Commercial Sublease Agreements: Challenges & Considerations Around Covid

February 5, 2021 | Commercial Real Estate

Office workers in spare meeting room representing commercial subleasing agreement

Companies are downsizing. And whether COVID-19 has caused a business to grow, pivot or shrink, the immediate effect of the new-world is that companies are declaring that they will not need as much space going forward.

There are limited options for a tenant with a remaining lease tail who wants to rid themselves of excess space. Typically, they’d follow this process:

  1. Ask the Landlord to accept a partial surrender.
  2. Receive a rejection from the Landlord on a partial surrender.
  3. Write off the cost of the excess space.
  4. Advertise the space for sublease at a heavily discounted rate to recover something, anything.

Therein lies the opportunity for tenants seeking a new space at discounted rates.

Subleasing on the rise

Unsurprisingly, the commercial agencies, usually the source of market data, are so far withholding the Q4 2020 statistics. Even so, it’s common knowledge that subleasing has surged across Australia’s east coast office markets as companies reassess their current and future needs.

The amount of sublease space available in the Sydney CBD and Melbourne CBD by Q3 2020 had surpassed the amount available (90,000sqm in each Syd. & Melb.) at the peak of the Global Financial Crisis (GFC).

In Sydney, by Q3 2020, the volume of sublease space hit a record high of 157,853sqm. This represented a 90% surge in five months, up from circa 105,701 sqm in June and 82,739 sqm in March. It’s estimated that around two-thirds of this stock is concentrated in prime grade buildings and driven mostly by white-collar professional services, financial services and insurance and technological sectors.

Melbourne’s sublease vacancy has also spiked substantially, from 0.7% total stock at the outset of 2020 to 2.3% (circa 117,200 sqm) in October 2020. Since then, this number has continued to increase, particularly in Q4. Unsurprisingly many companies are waiting for 100% occupancy of offices to be allowed before making a final assessment of space requirements. Accordingly, we expect a further surge of Sublease space around Q3 2021.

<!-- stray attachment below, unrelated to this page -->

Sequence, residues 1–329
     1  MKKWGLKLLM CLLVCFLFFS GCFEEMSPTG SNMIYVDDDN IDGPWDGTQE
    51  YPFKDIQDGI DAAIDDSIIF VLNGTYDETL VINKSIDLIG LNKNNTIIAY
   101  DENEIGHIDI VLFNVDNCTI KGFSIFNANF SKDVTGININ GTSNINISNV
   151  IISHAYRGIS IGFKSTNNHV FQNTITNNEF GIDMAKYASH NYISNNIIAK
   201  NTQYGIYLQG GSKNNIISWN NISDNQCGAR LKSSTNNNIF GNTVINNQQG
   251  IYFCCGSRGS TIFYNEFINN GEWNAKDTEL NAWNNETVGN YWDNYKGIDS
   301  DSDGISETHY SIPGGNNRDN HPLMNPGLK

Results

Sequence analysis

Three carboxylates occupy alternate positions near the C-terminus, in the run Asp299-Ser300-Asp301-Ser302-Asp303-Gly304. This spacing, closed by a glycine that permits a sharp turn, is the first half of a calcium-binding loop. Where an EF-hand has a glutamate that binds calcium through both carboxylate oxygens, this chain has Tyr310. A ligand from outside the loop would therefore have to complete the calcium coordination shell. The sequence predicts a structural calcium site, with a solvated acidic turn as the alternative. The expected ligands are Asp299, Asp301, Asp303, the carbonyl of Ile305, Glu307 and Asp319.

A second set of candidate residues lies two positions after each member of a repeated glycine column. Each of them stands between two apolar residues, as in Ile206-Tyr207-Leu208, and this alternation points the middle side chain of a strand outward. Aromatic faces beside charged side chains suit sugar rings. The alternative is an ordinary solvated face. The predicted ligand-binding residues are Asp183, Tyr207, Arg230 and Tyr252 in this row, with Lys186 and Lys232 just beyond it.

This upward trend is not limited to the Eastern seaboard either. In Perth CBD, for example, we saw sublease availability increase by 17,000sqm, reflecting a 59% spike over the five months to August 2020.

In fact, the only Australian market where we have not seen a new sublease market emerge is Adelaide. This is chiefly due to limited new supply and the fact that large corporations do not tend to occupy large spaces in the Adelaide market.

Office workers working on floor representing commercial subleasing agreement

Considerations around subleasing during Covid

When it comes to commercial sublease agreements, both sublessors and sublessees take risks; the most significant being the risk of default:

  • Default by the Sublessor: The sublessee would likely lose access to the premises immediately and without warning.
  • Default by the Sublessee: The sublessor would lose the contribution to rent they have been receiving.

So, the biggest consideration is the financial security of both parties. In the context of COVID-19, risk of default has magnified due to the threat of business failure, particularly as the government withdraws business support measures.